• Removing a directory is similar; the argument is the name of the directory you want to remove. Try it.
      rm for removing a file takes one argument, the name of the file.
    • The remaining two commands, cp and mv, each take two arguments.
      In the copy command, the first argument is the name of the file you wish to move or copy, the second argument is the name of the file you want to copy into or move the file to.
    • cp mynewfile mynewfile1 makes a copy of the file named mynewfile and names it mynewfile1
      The move command is essentially a rename command.

    The arguments are not limited to file and directory names in the local directory. An argument can specify another directory and a file in that directory. For instance, if you have a directory called public_html (which you should), then you can move a file from your home directory into this directory as follows.

    • mv thisfile public_html/
    • If in addition to moving the file, you want to rename it, then the new file name can be typed following the slash, as follows:
      mv thisfile public_html/thatfile


    Editing with pico

    Pico is a simple text editor that allows you to edit text documents. Pico is not a word processor, as word processors allow you to format objects like text, tables, and paragraph types whereas text editors only allow one object - text.

    To invoke Pico, just type pico at the command line and you will be "in" the editor.

    The editor commands are found at the bottom of the screen. In addition to pico, there are two other text editors, vi and emacs, available for your use. If you are already using vi or emacs, continue to use them, but pico is probably the simplest to learn to use because of the command listing at the bottom.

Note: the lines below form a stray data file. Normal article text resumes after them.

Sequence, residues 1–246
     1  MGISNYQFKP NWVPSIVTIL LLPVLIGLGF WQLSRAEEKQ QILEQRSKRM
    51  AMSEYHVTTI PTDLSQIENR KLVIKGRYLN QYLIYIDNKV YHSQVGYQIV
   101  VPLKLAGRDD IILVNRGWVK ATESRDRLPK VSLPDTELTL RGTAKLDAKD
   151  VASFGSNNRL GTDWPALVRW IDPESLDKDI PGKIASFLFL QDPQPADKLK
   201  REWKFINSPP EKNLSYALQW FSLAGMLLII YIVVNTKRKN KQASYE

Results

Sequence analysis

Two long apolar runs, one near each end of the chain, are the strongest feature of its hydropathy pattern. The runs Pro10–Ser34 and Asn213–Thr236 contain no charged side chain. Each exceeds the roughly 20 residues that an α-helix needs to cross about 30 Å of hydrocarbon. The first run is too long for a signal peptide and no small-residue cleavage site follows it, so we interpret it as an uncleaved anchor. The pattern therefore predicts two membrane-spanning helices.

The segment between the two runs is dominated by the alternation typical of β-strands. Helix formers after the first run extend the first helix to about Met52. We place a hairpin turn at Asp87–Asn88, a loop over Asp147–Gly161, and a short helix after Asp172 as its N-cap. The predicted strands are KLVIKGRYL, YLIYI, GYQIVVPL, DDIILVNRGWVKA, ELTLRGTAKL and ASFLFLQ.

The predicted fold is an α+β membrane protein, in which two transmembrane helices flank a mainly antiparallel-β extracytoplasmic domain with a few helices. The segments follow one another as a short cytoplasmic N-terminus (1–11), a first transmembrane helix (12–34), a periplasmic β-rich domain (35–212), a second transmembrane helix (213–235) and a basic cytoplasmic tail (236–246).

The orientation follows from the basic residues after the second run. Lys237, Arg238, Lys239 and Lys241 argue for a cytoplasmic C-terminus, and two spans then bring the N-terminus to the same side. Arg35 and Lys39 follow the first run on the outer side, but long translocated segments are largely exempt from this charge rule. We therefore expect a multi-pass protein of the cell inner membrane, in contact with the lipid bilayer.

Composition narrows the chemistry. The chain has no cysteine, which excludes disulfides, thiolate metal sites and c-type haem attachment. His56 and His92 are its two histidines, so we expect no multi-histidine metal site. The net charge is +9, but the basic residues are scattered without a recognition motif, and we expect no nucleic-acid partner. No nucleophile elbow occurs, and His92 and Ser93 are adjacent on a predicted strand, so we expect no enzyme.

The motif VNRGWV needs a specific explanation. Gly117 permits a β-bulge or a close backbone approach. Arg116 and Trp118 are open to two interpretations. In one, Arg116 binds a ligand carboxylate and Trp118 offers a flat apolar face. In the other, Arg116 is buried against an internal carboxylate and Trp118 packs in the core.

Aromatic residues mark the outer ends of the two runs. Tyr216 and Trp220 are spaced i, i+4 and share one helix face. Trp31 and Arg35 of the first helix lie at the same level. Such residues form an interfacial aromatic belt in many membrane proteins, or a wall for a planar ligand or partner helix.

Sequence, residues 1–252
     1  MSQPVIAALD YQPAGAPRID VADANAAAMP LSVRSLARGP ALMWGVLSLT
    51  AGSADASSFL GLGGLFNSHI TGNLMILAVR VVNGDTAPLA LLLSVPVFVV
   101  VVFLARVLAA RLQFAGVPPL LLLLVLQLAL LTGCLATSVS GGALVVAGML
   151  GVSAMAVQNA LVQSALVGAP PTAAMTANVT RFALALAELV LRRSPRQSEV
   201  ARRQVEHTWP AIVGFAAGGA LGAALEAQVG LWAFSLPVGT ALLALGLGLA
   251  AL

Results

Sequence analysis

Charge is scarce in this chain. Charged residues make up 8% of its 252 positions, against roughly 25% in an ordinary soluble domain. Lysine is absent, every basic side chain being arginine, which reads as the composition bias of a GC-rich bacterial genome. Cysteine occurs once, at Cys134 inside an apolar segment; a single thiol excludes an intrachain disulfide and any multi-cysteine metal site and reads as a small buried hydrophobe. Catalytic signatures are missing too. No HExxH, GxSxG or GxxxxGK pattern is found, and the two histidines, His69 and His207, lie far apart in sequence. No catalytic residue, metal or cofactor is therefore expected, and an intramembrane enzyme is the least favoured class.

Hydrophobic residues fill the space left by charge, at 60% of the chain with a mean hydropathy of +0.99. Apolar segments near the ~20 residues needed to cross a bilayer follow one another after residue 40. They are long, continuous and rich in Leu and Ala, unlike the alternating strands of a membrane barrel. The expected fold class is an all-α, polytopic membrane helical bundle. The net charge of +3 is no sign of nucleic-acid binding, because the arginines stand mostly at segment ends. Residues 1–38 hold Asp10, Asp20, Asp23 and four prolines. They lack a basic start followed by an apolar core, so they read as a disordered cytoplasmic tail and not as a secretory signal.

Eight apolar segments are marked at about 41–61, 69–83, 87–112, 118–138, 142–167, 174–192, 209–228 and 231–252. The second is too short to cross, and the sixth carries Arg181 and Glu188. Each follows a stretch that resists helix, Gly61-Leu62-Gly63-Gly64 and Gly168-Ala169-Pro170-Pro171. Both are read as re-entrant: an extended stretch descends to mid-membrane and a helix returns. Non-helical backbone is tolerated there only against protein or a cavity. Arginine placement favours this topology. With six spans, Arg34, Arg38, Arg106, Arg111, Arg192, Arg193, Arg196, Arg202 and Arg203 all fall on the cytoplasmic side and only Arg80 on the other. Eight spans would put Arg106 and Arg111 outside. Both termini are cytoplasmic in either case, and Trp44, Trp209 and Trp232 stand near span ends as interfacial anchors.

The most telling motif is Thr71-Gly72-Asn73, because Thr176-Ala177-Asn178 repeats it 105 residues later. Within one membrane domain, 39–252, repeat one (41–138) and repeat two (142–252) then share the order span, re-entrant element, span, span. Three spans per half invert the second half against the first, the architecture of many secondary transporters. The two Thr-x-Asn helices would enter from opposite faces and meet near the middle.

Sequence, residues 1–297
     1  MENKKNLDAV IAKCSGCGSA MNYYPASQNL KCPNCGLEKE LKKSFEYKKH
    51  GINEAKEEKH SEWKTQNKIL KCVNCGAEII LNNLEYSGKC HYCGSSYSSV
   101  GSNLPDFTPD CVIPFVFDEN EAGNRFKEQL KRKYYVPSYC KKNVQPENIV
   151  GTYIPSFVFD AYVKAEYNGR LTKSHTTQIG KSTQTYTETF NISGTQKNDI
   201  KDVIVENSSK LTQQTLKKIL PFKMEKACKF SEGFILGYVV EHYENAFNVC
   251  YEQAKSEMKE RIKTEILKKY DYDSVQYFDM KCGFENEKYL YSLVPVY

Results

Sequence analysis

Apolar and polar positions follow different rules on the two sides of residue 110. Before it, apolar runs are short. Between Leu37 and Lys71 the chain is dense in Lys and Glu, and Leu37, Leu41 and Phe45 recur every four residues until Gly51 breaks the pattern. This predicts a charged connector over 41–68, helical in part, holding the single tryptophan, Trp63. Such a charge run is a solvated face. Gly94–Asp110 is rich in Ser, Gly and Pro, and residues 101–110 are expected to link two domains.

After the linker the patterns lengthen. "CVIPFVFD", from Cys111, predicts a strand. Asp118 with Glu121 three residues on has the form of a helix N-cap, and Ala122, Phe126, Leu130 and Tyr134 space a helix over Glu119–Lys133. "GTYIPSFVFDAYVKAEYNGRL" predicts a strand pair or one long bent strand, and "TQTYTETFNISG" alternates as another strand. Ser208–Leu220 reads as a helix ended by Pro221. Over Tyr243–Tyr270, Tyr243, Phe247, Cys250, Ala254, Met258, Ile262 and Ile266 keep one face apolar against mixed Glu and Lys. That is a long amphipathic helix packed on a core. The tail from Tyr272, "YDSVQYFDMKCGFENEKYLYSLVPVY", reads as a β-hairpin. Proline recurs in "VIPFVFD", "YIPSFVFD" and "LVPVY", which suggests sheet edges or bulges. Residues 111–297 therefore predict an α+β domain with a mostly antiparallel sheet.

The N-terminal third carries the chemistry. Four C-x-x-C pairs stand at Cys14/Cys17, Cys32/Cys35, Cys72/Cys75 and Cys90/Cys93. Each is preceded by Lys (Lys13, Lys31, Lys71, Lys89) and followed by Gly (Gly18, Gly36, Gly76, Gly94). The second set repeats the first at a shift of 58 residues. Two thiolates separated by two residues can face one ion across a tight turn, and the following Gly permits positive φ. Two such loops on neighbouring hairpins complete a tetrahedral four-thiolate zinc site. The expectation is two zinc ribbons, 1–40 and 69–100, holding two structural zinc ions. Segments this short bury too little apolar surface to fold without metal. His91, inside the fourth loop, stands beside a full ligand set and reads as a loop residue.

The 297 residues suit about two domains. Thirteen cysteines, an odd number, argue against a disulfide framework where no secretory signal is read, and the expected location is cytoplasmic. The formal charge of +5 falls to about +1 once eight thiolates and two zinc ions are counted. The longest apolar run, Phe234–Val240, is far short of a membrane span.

Use pico to create a file in your home directory that contains your name, some facts, and information about yourself.


    Do some navigating

    As you move around among your files and directories, you may become disoriented as to "where" you are. UNIX has the concept of "current" directory, also known as the working directory, or the directory you are currently "in". Two additional commands will be useful to determine what directory you are in.

    • to find yourself, use the pwd print working directory command
      pwd doesn't take any arguments
    • to move between directories, use the cd change directory command
      cd takes the destination directory as its single argument.
    • [top]

      UNIX file literacy

      These are commands commonly used. You will find them valuable when you edit your Web pages on the UNIX system, and for other UNIX tasks as well. Remember:

      UNIX is case-sensitive

      Commands can have arguments and options. Options usually have a hyphen.

      Most common errors in UNIX come from not knowing what directory you are in. Use the pwd and ls commands to keep track.

      Use the man command to get usage information


      More UNIX

      from ITS